Is bad art worth something?

Earlier this week I read a post on Hyperallergic (which is a fantastic blog that you should read as soon as you’re done with this post!) about the Georgia Museum of Art’s interesting new deaccession ideas. For the unaware, deaccessioning is the process of a museum or gallery selling off works of art it owns to raise funds – which are usually used to purchase new art for the collection.

Deaccessioning has been a hot topic all around the US this week – an article in Detroit’s Free Press from May 24th mentioned the Detroit Institute of Art is looking into selling off some of its collection to pay the city’s debts. Setting aside the fact that I feel this idea is wrong on so many levels (this is a rant worth an entire future blog post), let’s look at one very interesting question the general deaccessioning process brings up: how do you decide what to cull from the collection?

Almost every museum in the world can only show a fraction of their collection at any given time (if you can find one that doesn’t do this, I’ll be shocked). One of the museums I’ve worked at in the past only had room to display 10% of their relatively small collection; the percentage was even less if gallery space was given over to exhibitions. With so little space, museums display their most prized possessions. Their masterpieces. The good art.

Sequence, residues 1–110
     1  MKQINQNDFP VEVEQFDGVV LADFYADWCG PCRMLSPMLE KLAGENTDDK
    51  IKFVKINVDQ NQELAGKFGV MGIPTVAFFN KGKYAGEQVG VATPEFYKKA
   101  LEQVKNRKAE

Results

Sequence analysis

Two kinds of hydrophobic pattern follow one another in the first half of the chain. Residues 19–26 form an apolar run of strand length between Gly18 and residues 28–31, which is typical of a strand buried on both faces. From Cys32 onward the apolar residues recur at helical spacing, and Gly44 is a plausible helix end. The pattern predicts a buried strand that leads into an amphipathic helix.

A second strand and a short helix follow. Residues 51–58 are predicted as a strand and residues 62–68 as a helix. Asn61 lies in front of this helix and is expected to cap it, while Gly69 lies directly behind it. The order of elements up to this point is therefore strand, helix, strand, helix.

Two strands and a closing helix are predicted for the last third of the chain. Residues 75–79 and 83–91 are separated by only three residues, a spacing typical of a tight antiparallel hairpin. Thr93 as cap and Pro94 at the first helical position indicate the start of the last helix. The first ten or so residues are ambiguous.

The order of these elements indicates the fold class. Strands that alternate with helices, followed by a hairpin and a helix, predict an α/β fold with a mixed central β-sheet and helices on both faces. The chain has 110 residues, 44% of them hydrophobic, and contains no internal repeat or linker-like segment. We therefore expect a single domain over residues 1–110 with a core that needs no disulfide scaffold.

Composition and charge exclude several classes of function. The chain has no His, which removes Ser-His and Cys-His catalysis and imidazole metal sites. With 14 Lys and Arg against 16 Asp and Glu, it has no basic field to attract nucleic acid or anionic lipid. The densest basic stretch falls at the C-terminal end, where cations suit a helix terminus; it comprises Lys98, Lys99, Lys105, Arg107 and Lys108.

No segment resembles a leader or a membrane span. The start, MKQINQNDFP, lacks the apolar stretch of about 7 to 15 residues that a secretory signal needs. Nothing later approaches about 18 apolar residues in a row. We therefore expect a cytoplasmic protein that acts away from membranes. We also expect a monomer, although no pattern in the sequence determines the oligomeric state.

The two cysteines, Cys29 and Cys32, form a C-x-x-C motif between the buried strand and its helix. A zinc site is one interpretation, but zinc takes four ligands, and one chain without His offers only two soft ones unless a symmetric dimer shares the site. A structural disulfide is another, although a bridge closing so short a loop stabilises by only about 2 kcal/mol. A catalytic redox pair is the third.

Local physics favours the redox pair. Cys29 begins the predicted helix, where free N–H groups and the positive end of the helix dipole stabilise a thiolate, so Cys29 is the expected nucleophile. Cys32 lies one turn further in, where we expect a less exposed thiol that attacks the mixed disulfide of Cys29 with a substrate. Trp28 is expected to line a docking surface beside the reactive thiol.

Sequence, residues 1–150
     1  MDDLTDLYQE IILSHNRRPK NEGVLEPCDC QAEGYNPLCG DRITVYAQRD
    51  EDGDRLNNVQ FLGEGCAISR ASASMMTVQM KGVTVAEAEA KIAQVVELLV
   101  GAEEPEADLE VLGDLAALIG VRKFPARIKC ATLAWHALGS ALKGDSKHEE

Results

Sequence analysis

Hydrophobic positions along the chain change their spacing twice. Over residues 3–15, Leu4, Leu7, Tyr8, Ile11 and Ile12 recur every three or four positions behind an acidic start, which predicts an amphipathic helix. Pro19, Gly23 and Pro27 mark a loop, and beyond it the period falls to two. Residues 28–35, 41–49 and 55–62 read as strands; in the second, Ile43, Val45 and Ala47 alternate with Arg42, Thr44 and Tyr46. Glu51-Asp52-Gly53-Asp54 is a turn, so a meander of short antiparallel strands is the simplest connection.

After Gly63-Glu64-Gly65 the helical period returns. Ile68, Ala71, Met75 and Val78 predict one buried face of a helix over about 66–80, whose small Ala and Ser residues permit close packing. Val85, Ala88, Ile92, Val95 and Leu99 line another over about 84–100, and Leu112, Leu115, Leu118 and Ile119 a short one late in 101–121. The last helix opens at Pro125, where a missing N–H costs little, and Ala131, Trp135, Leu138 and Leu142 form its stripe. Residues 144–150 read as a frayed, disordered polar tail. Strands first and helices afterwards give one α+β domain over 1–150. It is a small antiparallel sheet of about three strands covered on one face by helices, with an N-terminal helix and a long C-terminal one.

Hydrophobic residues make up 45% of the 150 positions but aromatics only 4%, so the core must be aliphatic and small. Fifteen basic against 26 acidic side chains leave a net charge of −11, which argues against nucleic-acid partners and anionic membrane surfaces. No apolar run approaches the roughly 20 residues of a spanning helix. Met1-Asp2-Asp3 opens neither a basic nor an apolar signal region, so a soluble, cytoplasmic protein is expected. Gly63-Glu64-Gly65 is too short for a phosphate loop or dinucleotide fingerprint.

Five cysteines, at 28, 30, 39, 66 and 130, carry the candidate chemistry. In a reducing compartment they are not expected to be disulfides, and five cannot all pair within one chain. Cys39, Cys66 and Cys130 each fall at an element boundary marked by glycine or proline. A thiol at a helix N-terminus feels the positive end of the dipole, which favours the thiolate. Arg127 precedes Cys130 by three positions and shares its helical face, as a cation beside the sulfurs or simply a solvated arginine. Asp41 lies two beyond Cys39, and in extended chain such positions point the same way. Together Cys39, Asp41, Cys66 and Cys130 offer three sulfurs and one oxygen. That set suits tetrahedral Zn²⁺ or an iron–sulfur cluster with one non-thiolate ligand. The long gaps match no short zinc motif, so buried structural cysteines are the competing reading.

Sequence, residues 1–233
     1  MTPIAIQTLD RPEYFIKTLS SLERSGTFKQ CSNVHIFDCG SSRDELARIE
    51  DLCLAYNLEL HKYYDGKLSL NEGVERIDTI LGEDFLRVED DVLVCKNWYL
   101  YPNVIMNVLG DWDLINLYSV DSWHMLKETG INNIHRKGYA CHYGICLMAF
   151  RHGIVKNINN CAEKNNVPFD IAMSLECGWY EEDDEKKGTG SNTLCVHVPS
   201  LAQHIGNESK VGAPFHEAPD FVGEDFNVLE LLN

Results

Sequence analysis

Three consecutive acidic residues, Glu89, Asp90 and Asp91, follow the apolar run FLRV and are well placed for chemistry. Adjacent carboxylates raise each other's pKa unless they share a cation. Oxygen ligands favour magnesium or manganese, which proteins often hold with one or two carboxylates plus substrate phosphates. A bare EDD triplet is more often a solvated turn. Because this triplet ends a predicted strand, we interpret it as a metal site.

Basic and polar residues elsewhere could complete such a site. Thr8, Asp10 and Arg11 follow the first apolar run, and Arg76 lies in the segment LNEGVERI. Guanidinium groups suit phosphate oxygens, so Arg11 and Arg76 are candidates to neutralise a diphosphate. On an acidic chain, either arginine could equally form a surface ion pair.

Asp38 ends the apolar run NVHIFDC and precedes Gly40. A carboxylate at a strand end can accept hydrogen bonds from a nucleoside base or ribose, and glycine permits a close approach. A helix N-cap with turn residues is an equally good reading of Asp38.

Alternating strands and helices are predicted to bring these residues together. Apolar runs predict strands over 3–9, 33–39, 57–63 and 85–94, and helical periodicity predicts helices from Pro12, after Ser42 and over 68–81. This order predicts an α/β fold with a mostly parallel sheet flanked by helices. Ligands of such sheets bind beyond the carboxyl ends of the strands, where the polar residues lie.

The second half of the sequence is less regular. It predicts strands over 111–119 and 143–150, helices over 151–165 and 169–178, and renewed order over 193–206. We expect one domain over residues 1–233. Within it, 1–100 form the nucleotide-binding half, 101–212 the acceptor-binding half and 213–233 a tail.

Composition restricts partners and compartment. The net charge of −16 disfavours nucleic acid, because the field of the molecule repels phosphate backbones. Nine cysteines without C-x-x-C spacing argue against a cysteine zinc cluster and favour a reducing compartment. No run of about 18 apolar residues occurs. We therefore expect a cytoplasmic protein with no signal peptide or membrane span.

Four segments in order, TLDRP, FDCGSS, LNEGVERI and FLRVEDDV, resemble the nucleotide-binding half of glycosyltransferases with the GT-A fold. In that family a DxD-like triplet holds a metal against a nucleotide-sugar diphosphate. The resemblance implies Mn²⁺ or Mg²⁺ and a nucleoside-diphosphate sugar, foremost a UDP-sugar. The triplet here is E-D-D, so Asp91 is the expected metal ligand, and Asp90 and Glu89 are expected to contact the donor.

But what about the bad art? Just because a curator deems it bad, or worse than other pieces in the collection, should it just be sold off? The DIA is essentially arguing that because they have some extra works lying around, they should sell them. And perhaps those works would get better exposure elsewhere… but maybe the real problem is exactly that all this extra (read: inferior) art is only lying around in storage rooms.

One of my favorite art-related articles was published by Will Gompertz in the Wall Street Journal last October. In it, Gompertz argues that museums should – nay, have an obligation to – display all of their art. That means the good and the bad should be hung up on the walls, precisely so that viewers can decide for themselves why we call good art “good” and bad art “bad.” It’s entirely possible that some viewers won’t agree with the labels. Maybe a “bad” painting is actually pretty good to some. Who are the curators to decide what is worth displaying without even consulting the public? Just because a painting doesn’t have a famous signature in the corner doesn’t mean it’s not any good.

Gompertz’s article highlights a museum practice that I also adore – that of having guest curators come in and design a special exhibition composed entirely from a museum’s own collection. Fresh eyes can mean that pieces get pulled from storage that otherwise might languish there for years.

So why don’t more museums put on exhibitions like this? The fact of the matter is, such shows don’t attract the big crowds, and without the big crowds, the museums won’t get the funding they need to stay open. Can you imagine the outrage if the Louvre decided to put the Mona Lisa away in favor of showing the painting at the top of this blog post? But it’s the age-old question of the tree in the empty forest – if “bad” art never leaves the storage room and no one ever sees it, is it even worth anything at all?

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